All this also brings to mind thoughts of the devastation brought on by Alzheimer's disease. What a tragic fate at the end of one's life, to lose something we all hold so dear. If I ever have money to spare, a large chunk of it will go to Alzheimer's research. Not only for the sake of my dear grandmother, Ruby, who lived and died with Alzheimer's, but also for the sake of, and wonder I feel towards our human capacity to remember.

Friday, September 05, 2008

Kicking & Screaming

OK...not really, but I am dragging a little. Yesterday was my first day back to school and it was...well...hectic! This is the first semester I don't have a class starting at 8:00 a.m., which means parking is a disaster! Yesterday I arrived on campus at 10:20 for my 11:00 a.m. class, and there was literally not one place to park. I looked everywhere, including the huge overflow lot on the edge of campus. Finally, in exasperation I used the paid lot. This was immensely frustrating for two reasons; first, I've already spent $75 for a parking tag this year, and second, there weren't even any real spots in the paid lot! I had to pay $2.00 to park on the curb in the paid lot. My original plan for this semester was to go and observe in the classroom on Tuesday and Thursday mornings before my classes, but that clearly isn't going to work. Now I'll have to talk to my cooperating teacher to arrange some other way to complete all the observation hours I need. Anyway, after a rushed walk up the hill and across two buildings, I made it to my class ten minutes late...pouring sweat and already in a funk. I hate being late to classes and really try hard to avoid being rude...being late on the first day is double rude, so...yeah. The class (Reading 300) seems like it will be good, and also a lot of work. Professor read us the chapter from Charlotte's web where Charlotte dies. That made me feel a lot better, OR SOMETHING!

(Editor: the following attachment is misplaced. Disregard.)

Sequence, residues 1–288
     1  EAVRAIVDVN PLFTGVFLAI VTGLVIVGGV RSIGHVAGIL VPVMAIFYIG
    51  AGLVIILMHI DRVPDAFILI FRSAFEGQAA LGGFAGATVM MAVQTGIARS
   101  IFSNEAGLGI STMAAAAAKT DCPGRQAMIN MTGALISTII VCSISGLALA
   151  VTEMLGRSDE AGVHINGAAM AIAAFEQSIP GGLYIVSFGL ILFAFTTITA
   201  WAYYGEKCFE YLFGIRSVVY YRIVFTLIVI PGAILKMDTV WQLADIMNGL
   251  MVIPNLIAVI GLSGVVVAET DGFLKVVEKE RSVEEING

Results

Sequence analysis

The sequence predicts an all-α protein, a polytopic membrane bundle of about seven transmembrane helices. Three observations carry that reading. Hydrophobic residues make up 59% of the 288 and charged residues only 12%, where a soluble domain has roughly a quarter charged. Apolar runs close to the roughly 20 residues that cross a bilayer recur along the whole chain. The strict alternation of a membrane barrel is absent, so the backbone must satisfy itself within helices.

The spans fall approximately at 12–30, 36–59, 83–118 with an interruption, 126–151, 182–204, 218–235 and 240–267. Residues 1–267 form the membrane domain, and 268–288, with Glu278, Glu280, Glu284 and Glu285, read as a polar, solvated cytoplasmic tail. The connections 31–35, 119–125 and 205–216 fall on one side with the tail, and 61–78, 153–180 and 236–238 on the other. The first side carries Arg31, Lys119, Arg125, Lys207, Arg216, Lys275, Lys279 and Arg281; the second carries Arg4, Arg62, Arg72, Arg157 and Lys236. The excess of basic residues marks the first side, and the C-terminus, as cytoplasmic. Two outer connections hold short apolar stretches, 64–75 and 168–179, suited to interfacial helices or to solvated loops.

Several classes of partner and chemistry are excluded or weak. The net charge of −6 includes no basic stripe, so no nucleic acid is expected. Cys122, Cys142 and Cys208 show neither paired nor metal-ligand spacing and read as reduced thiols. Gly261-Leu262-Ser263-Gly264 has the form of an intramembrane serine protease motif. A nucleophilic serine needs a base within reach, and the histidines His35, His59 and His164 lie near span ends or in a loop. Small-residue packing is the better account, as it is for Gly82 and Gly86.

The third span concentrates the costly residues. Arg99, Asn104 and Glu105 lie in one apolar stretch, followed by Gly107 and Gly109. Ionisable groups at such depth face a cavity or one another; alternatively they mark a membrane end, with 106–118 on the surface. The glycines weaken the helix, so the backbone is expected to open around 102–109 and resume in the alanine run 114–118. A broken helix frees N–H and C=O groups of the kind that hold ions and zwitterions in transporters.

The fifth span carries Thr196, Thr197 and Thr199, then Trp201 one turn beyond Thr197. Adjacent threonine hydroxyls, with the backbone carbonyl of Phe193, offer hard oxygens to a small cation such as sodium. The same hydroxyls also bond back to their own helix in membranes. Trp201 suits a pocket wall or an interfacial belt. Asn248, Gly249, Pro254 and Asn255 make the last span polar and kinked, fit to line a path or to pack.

Next I spent my entire lunch break circling the two lots I thought might open up. In other words, creeping along behind people as they left, in hopes the parking Gods would smile upon me. I hate being a parking space scouter! I hate it when people do this to me, and I hate having to do it to other people! By this time I was so frustrated, hot, and grumpy that it was just ugly. I finally managed to find a small spot wedged between two trucks, which was interesting to say the least. Finally parked and able to breathe, I ate my lunch in a rush and then checked my schedule for my next class. Wouldn't you know it, there was no location printed on my paper copy. Here we go again with the stress. Class was about to start in 20 minutes (mind you I still had to walk there) so I called Michael to see if he could find the class location online for me. He tried a number of times, but EMU's online system is so completely dysfunctional and hard to navigate that he couldn't find the information I needed. So by this time I was just about in tears. I managed to control myself, but I was seriously just plain overwhelmed, and I think I was sort of bitchy to my unsuspecting hubby who was only trying to help. Doh! I quickly headed over to the Porter building and (again hot and sweaty) got to the office at 1:57 to see if I could locate the room number for my 2:00 class. Luckily my classroom was right there on the printout and wasn't far from the office, so I made it to class by 2:03. The room was full, but the professor hadn't started talking yet so I didn't feel quite as rude this time around. This class (Curriculum 304) also seems like it will be challenging but rewarding. We played a fun name game that was new to me. She handed us each a piece of paper with about 20 boxes that contained "defining characteristics" on them. We had to walk around and talk to people to try and get one name in each box. They were things like; "commutes from off campus," "has a GPA higher than 3.5," and "always knew you wanted to be a teacher." This was one I hadn't seen before, so it was fun and it did get people talking.